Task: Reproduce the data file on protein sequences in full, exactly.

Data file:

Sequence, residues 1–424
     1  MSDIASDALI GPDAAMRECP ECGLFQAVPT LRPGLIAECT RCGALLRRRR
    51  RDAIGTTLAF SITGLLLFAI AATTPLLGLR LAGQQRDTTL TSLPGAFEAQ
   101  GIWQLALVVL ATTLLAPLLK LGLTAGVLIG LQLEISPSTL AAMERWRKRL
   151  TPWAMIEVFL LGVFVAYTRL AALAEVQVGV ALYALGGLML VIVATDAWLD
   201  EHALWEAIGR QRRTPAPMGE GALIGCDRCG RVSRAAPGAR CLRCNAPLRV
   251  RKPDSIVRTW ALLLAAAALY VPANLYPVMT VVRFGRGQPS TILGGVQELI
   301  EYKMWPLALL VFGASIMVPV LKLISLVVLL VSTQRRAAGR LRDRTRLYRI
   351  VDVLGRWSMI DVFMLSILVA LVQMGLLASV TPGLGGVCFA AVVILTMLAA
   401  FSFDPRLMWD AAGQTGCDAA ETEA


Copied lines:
Sequence, residues 1–424
     1  MSDIASDALI GPDAAMRECP ECGLFQAVPT LRPGLIAECT RCGALLRRRR
    51  RDAIGTTLAF SITGLLLFAI AATTPLLGLR LAGQQRDTTL TSLPGAFEAQ
   101  GIWQLALVVL ATTLLAPLLK LGLTAGVLIG LQLEISPSTL AAMERWRKRL
   151  TPWAMIEVFL LGVFVAYTRL AALAEVQVGV ALYALGGLML VIVATDAWLD
   201  EHALWEAIGR QRRTPAPMGE GALIGCDRCG RVSRAAPGAR CLRCNAPLRV
   251  RKPDSIVRTW ALLLAAAALY VPANLYPVMT VVRFGRGQPS TILGGVQELI
   301  EYKMWPLALL VFGASIMVPV LKLISLVVLL VSTQRRAAGR LRDRTRLYRI
   351  VDVLGRWSMI DVFMLSILVA LVQMGLLASV TPGLGGVCFA AVVILTMLAA
   401  FSFDPRLMWD AAGQTGCDAA ETEA